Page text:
The Thirty Meter Telescope (TMT) is a proposed future generation telescope which will be located on either Maunakea, Hawaii or La Palma in the Canary islands. A thermal-infrared (TIR) imager and spectrometer (MICHI) combined with an adaptive optics system is being investigated as a possible second-generation instrument for this telescope. MICHI has been designed to also have a polarimetry capability in both imaging and low dispersion spectroscopic modes. Using polarization ray tracing in Zemax, we have estimated the instrumental polarization (IP) and crosstalk introduced at the focus of the near- and mid-infrared imaging system. In our calculations, we find that the IP varies from 1.0-0.54% and 0.54-0.42%, whereas the polarization crosstalk varies between 25-4% and 4-0.7%, in the near and TIR regions respectively at the instrument port of MICHI. These values of IP and crosstalk may cause problems during the high absolute accuracy polarization observations. Here we present the polarization effects for the imaging system of MICHI and it impacts on the polarization observations.
Initially the primary mirror of the 3.6m Devasthal Optical Telescope is uncoated polished zerodur glass supplied by Lytkarino Optical Glass Factory, Russia/Advanced Mechanical and Optical Systems, Belgium. In order to do the aluminium coating on the primary mirror the coating plant including washing unit is installed near the telescope (extension building of telescope) by Hind High Vacuum (HHV) Bangalore, India. Magnetron sputtering technique is used for the coating. Several coating trials are done before the primary mirror coating; samples are tested for reflectivity, uniformity, adhesivity and finally commissioned. The primary mirror is cleaned, coated by ARIES. We present here a brief description of the coating plant installation, Mirror cleaning and coating procedures and the testing results of the samples.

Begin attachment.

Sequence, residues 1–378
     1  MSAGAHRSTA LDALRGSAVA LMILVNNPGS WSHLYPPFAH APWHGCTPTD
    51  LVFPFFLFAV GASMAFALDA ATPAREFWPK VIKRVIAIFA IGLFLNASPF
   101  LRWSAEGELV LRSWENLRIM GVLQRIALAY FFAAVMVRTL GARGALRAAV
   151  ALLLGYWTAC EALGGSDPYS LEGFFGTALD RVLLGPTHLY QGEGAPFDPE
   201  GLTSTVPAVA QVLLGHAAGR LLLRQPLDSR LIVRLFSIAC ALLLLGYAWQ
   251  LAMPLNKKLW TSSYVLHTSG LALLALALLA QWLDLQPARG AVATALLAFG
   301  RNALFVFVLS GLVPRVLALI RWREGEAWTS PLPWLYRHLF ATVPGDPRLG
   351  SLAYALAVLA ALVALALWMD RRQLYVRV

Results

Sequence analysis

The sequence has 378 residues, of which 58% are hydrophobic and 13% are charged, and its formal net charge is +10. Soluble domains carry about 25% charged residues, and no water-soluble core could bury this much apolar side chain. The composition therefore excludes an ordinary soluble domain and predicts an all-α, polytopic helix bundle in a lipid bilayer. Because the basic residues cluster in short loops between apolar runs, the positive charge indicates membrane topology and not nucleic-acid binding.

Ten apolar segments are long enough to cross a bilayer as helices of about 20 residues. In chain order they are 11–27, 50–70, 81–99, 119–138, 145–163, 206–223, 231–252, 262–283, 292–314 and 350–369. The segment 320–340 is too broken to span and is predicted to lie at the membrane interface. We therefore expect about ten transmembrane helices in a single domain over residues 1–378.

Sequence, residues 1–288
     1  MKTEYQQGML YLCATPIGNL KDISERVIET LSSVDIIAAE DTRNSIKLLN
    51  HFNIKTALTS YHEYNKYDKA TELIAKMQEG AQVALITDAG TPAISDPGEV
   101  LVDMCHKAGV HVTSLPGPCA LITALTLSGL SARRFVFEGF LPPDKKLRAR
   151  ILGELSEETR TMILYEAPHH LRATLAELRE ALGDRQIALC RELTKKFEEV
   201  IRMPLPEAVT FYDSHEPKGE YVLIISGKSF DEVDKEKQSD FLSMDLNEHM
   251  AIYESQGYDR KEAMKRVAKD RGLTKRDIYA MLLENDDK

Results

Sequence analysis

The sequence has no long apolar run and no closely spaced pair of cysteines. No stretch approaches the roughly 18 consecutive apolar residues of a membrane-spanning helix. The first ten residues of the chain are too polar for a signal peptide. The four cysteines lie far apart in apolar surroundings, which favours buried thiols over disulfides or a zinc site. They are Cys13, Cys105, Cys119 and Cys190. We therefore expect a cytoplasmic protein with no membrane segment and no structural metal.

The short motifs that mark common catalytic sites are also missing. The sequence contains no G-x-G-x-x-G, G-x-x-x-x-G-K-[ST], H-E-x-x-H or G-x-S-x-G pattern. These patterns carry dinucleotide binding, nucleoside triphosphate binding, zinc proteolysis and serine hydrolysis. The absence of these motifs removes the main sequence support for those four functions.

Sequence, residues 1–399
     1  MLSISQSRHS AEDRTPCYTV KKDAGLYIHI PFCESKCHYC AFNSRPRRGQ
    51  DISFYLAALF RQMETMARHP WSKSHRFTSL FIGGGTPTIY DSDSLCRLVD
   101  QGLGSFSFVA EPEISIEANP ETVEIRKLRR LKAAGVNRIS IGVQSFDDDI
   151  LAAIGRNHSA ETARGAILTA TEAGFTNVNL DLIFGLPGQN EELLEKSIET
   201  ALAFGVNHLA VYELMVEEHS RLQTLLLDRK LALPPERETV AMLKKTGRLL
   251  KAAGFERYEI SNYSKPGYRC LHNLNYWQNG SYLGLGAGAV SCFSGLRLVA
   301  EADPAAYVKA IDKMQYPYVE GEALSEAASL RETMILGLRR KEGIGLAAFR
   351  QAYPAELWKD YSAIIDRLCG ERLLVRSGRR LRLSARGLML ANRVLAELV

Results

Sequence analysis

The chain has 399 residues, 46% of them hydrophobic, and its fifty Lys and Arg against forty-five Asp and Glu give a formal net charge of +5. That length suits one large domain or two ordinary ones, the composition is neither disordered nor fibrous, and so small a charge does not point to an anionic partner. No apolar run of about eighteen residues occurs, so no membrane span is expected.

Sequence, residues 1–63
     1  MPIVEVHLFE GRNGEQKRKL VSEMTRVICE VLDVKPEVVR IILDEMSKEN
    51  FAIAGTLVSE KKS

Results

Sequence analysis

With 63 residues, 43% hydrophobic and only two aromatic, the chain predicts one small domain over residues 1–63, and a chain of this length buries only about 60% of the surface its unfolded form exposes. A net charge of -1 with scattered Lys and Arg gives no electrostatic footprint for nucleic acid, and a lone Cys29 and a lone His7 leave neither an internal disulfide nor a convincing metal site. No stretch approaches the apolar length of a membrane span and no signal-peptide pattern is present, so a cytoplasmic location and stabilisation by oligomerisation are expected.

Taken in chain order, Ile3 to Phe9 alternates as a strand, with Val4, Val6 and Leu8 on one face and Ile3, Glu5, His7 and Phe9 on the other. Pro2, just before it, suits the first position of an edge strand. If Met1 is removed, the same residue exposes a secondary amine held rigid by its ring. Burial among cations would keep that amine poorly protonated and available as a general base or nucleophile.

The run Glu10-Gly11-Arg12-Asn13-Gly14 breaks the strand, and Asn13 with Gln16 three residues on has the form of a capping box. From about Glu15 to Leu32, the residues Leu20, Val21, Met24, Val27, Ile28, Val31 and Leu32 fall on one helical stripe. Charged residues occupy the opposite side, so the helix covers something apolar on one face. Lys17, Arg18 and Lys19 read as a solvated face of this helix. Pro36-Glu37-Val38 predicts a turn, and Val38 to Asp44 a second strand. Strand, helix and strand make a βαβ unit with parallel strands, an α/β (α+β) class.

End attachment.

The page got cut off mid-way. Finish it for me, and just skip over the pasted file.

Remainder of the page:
A 3.6m aperture telescope has been installed at Devasthal recently and once commissioned this would be the largest optical telescope in India. The integration of the telescope was carried out by lifting the components from inside the telescope building. To make this possible, the position of the telescope was shifted by 1.85m from the dome centre at an angle of 255 degree with respect to the north. This posed a serious challenge in synchronizing the dome with the telescope movement. In this contribution we will be presenting the synchronization algorithm and dome control software.